Finally, as new believers learn to obey Scripture, they learn to trust it. Trust isn’t a decision. It is something earned over time. You can’t just trust the Bible.
But here is the wonderful cycle that happens. You commit yourself to Jesus. You read his words, meditate on them, even memorize some of them, and ask God to help you obey it. Some times this is hard because God’s ways are not our ways, and much of what he says will conflict with the teaching of this world. But we have committed ourselves to him, to walk the path, and so we ask for God to help us understand and obey. And as we obey, the truth of the Bible is validated in our experience; and as it is validated, we start to trust. And as we start to trust, we want to read more, to meditate more, to memorize more, and are more and more willing to obey. And as we obey more, we trust more. As the old song says, “Trust and obey, for there’s no other way, to be happy in Jesus, but to trust and obey.”
Sometimes I stand back in amazement at how much I trust the Bible. It isn’t to my credit. It’s nothing I have done. But over the course of my forty-eight years of walking on the path of discipleship, God has so validated the truth of his word that today I trust it more than I trust myself. And the gift of trust that God has given me is so deep that at times it astounds me. As you walk down the path and continue to trust and obey, this too can become your experience.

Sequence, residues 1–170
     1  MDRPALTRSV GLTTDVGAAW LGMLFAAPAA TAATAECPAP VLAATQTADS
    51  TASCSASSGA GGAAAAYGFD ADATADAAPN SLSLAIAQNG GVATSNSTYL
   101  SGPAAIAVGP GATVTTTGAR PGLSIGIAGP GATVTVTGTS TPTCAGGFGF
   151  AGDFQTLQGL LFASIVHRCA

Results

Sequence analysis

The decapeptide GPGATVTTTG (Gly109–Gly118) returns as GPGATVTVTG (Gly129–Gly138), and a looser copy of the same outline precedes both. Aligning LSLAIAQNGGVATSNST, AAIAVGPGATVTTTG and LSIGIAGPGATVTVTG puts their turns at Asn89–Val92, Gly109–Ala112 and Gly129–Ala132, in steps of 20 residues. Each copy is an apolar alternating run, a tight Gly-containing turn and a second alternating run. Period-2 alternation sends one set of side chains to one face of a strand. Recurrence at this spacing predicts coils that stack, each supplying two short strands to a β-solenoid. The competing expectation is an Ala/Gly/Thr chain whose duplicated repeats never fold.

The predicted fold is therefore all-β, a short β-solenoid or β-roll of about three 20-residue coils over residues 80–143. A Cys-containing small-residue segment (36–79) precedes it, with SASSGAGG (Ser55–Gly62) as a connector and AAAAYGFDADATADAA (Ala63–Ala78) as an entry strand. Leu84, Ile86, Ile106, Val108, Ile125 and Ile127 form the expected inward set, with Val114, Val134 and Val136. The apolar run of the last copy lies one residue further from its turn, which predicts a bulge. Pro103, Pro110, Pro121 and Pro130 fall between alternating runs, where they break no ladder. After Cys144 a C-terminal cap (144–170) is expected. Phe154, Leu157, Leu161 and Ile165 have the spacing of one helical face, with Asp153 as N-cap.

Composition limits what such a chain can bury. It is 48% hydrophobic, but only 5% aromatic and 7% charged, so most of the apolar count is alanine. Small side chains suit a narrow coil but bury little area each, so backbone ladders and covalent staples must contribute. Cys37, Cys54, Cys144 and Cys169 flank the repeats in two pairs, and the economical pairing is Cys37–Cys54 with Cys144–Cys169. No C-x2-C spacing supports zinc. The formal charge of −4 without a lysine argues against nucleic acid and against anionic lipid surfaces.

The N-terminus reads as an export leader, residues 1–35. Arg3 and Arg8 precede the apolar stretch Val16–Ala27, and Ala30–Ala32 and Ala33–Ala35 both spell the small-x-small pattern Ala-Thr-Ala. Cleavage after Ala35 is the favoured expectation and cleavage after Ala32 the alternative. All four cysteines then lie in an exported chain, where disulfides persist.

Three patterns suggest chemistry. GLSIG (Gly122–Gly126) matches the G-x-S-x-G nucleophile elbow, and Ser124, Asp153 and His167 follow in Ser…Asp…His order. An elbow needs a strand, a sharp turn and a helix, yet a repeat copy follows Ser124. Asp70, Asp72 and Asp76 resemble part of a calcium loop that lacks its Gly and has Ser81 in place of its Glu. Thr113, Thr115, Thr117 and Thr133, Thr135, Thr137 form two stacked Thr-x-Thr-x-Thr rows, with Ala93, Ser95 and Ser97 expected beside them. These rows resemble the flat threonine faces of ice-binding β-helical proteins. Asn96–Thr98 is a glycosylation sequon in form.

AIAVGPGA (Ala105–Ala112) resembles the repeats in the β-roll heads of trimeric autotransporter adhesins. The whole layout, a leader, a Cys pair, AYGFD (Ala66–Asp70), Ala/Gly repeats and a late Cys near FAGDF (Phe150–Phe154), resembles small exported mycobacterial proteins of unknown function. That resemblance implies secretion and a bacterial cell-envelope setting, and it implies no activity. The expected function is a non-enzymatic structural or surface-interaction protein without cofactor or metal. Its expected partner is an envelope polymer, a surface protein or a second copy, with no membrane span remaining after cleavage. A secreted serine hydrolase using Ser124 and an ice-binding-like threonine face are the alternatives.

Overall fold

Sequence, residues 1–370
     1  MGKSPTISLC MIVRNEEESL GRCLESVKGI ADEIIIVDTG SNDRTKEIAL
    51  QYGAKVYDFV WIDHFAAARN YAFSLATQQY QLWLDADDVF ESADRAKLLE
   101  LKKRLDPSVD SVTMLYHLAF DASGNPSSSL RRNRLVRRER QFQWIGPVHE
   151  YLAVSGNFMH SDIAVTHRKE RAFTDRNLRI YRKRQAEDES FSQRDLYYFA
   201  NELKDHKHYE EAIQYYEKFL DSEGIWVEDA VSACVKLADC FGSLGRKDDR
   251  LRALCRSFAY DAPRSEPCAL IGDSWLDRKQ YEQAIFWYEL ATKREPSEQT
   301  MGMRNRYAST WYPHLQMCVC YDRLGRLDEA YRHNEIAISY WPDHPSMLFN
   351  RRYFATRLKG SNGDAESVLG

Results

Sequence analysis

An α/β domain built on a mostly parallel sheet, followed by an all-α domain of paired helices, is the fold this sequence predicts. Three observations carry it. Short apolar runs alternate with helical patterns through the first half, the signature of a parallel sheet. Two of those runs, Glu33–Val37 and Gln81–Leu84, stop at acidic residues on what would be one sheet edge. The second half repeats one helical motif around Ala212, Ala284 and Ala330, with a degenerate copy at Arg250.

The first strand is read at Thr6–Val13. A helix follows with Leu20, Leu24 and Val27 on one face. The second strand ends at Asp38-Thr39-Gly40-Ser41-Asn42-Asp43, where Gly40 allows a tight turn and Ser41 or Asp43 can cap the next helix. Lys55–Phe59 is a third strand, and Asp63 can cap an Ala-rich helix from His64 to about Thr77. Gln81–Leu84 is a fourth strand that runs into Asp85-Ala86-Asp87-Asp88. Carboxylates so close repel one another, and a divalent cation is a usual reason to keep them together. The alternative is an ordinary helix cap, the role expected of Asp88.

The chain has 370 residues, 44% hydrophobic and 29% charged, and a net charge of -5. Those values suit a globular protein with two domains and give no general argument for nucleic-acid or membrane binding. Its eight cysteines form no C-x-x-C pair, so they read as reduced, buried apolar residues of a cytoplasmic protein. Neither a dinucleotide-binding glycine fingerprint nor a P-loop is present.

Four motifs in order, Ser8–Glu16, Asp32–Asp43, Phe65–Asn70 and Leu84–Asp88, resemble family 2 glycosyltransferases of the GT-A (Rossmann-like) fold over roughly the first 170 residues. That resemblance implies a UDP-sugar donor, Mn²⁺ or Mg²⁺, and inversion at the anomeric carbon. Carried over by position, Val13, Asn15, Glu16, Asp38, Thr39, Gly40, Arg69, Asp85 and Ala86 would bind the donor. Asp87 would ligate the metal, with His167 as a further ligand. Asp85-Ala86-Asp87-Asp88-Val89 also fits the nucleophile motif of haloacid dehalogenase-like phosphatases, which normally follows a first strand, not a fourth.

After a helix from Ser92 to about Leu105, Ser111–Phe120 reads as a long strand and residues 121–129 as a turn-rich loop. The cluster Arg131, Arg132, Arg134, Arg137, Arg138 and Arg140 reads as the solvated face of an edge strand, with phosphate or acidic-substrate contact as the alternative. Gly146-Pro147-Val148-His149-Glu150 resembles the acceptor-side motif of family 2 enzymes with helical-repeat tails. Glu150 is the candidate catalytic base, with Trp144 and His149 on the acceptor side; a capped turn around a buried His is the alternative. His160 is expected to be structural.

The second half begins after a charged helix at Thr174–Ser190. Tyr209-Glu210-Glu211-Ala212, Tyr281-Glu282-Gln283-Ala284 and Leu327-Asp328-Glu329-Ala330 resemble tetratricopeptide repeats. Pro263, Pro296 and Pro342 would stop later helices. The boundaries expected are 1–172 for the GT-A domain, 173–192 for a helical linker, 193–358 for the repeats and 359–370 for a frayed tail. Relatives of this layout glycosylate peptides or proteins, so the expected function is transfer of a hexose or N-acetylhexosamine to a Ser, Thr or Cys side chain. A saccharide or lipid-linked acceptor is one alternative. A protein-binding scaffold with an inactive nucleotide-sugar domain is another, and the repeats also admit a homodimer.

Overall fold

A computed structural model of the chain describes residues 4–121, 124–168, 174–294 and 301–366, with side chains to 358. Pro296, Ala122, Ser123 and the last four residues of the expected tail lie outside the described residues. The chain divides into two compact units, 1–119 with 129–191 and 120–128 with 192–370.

Final Note. This series of blogs on the new believer and Scripture has been longer than usual, but there has been lots to cover. Allow me to end on this final note.
We do not love the Bible! We love the author of the Bible, and the distinction is critical. We are to love God more than anything else; that’s his greatest commandment (Matthew 22:37). And the enemy, Satan, is delighted if he can stop us anywhere short of loving the person of God. He is even content if we love the Bible, if that becomes a replacement for loving God. It certainly was for the Pharisees.
When I hear someone say, “I love the Bible,” red flags fly. Do they love the Bible but not God? What do we call it when we replace God with something? Idolatry. We even have a specific term describing the idolistic love of the book: bibliolatry.
If your loved one sent you a love letter, would you love the letter? Would you gild its edges and cover it in leather? You might take care of it, but you would never replace the lover with the letter. Never! The letter contains the very words of the lover, and we would meet our lover in the midst of his or her words.
The Bible is a love letter from the lover of our souls, Jesus. Never fall in love with the letter to the exclusion of the lover. I have spent most of my life trying to understand the Bible. All of my college and graduated education has been with the intent of knowing it better. But I don’t love the Bible. I love Jesus.
As you travel down the path of discipleship, may the voices of creation and God’s Word call you to love Jesus. Nothing else will do.